Since its pass-the-hat origins in 1981, the Reduced Shakespeare Company has created ten world-renowned stage shows, two television specials, several failed TV pilots, and numerous radio pieces, all of which have been performed, seen, and heard the world over. The company’s itinerary has included stops off-Broadway, at the White House, the Kennedy Center, Lincoln Center, London’s West End, Seattle Repertory Theatre, American Repertory Theatre and Montreal’s famed Just For Laughs Festival, as well as performances in Israel, Australia, New Zealand, Hong Kong, Japan, Malta, Singapore and Bermuda, plus countless civic and university venues throughout the USA, the UK, and Europe.
In 2016, in honor of the company’s 35th anniversary and the 400th anniversary of Shakespeare’s death, the RSC premieres its tenth stage show, William Shakespeare’s Long Lost First Play (abridged), at the Folger Shakespeare Theatre in Washington DC. In 2013 the “Bad Boys of Abridgment” unveiled The Complete History of Comedy (abridged) –to critical and commercial acclaim at both Cincinnati Playhouse in the Park and Merrimack Repertory Theatre, as well as on national tours of the the USA and UK. The Complete World of Sports (abridged)opened in 2010 at Merrimack Rep and after touring the USA and UK, ran at the Arts Theatre in London during the 2012 London Olympics. In 2011 came the world premiere of The Ultimate Christmas Show (abridged)which became Merrimack Repertory Theatre’s best-selling holiday show ever, and the third-best-selling show in MRT’s history and also enjoyed a successful run at San Diego Repertory Theatre as well as multiple tours across the USA.
Amy Acker starred as Beatrice in Joss Whedon’s 2012 film version of Much Ado About Nothing, and she discusses her initial trepidation over playing this great role onscreen; how her early training at SMU and experience at American Players Theatre in Wisconsin prepared her for it; how casual play readings lead to leading roles; the value of rehearsing; the fun of doing your own stunts; the joy of working with the Joss Whedon Dancers; the differences between preparing for a play and preparing for a movie; how the Whedonverse is more Shakespearean than the (David E.) Kelleyverse; and the counterintuitive marvel (no pun intended) of how making a movie is more relaxing than taking an actual vacation. (Length 22:10)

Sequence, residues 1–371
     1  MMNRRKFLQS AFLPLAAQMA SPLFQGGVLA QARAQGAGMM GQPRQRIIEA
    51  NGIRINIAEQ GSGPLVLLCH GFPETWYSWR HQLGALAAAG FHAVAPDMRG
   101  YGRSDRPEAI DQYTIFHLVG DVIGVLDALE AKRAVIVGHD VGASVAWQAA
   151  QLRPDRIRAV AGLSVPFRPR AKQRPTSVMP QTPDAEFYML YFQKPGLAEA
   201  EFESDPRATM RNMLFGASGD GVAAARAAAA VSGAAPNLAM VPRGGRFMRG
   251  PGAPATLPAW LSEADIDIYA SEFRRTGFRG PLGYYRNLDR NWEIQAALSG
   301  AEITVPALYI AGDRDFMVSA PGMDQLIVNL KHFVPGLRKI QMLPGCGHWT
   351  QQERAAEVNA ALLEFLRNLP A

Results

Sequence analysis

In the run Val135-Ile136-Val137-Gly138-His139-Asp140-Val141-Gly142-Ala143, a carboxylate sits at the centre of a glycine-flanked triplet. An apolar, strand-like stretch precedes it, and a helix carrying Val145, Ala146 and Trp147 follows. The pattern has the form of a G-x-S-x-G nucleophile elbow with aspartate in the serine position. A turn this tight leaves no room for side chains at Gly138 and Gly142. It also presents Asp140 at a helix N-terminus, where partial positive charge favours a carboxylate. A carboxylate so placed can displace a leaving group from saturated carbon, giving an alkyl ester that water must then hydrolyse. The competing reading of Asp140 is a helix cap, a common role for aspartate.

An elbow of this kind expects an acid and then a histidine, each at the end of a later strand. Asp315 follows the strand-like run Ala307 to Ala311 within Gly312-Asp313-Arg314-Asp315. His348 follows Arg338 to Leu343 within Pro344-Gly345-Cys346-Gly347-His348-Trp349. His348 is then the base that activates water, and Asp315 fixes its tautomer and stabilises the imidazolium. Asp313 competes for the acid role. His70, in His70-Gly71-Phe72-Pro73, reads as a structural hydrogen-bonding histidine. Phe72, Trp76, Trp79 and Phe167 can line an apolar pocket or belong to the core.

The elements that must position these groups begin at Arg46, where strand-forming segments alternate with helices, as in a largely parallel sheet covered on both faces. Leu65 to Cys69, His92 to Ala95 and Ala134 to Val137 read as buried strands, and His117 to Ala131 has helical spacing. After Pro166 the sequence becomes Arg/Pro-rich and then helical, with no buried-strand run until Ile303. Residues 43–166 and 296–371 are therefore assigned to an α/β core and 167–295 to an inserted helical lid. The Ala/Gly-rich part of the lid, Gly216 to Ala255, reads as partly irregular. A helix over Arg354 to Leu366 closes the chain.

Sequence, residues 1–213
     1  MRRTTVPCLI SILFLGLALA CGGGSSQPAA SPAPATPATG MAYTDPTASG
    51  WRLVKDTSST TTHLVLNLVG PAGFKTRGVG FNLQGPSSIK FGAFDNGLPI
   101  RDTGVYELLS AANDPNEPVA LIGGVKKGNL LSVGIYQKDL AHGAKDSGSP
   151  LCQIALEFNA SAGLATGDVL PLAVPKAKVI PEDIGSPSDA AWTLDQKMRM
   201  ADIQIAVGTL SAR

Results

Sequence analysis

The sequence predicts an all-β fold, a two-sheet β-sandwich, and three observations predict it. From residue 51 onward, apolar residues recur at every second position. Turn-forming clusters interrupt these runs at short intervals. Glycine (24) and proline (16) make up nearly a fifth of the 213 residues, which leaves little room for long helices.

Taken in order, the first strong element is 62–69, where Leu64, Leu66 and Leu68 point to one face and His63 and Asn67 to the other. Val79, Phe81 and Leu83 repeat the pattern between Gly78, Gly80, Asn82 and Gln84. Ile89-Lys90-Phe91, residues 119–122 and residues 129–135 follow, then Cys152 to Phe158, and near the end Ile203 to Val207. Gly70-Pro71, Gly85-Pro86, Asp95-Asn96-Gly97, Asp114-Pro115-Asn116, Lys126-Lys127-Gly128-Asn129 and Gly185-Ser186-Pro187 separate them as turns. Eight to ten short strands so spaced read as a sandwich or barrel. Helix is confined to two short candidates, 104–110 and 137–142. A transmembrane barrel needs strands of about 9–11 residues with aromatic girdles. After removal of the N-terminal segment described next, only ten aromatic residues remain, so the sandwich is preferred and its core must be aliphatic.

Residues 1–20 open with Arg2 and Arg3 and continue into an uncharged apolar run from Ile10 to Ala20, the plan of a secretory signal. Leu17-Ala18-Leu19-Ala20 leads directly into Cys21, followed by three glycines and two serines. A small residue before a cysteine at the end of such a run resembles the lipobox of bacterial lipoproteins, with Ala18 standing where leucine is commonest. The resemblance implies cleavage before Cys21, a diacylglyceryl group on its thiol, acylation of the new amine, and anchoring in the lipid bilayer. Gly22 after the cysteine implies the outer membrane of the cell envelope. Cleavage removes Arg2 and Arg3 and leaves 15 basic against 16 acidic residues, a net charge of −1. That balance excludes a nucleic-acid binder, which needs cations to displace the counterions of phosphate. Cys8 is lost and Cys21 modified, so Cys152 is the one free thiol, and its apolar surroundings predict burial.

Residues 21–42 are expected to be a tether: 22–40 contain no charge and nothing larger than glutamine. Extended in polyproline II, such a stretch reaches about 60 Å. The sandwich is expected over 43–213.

It’s our 700th episode!! And because it happily coincides with the publication of Christopher Moore’s Shakespeare For Squirrels, the New York Times best-selling author turns the tables and interviews RSC co-artistic director Austin Tichenor in an epic un-reduced unabridged almost one-hour conversation. The two Fauxspeareans celebrate the release of Chris’s book by getting lost in the weeds of craft and discussing the importance of inoculating people against Shakespeareaphobia; the value of learning to keep 5-7 year olds entertained; the difficulties of working with living playwrights; understanding who got Shakespeare’s jokes and who didn’t; writing a Hitchcock adaptation for Disney animation; the dangers of unskilled labor; learning comic timing from stand-ups and Gilbert & Sullivan; using a five-act structure; the value of memorizing Shakespeare; the art of capturing Shakespeare’s exquisite mixture of tones; the perfectly understandable struggle to explain Shakespeare’s greatness; plausible explanations for why Shakespeare left his wife his second-best bed; snappy answers to listener questions; and being members in the small club of authors rewriting Shakespeare. (Length 58:17)
Christopher Moore talks about his new comic novel, Shakespeare For Squirrels, which sees his great creation Pocket of Dog Snogging (the Fool from Shakespeare’s King Lear) stranded in the Athenian woods amongst the characters from Shakespeare’s Midsummer Night’s Dream. It’s both a breezy entertainment and a tour de force and Chris explains how the research for one novel became the basis for another one; how he satirized lovers and reconceived fairies; the importance of grounding your mechanicals; taking inspiration from both Douglas Adams and Kurt Vonnegut, Jr.; being both fantastical and of the moment; giving important agency to Cobweb; why basing your novel on a comic play is more difficult; the struggle with titles; and the challenge of being affected as much by the world one’s writing in as by the world one’s writing about. (Length 20:08)
Get your first taste of the RSC’s 11th stage show Hamlet’s Big Adventure (a prequel) in this new video (shot and edited by the great folks at Lumos Films). Hamlet’s Big Adventure (a prequel) will have its first Reduced Shakespeare Company performances at the Spreckels Performing Arts Center, followed by its International Premiere at the Tel Aviv Festival in Israel!
William Shakespeare’s Long Lost First Play (abridged), written by Reed Martin and Austin Tichenor, has now been published in both the United States by Broadway Play Publishing and Great Britain by Josef Weinberger and is available for licensing worldwide. Read about its creation and “discovery” on the Shakespeare & BeyondContinue reading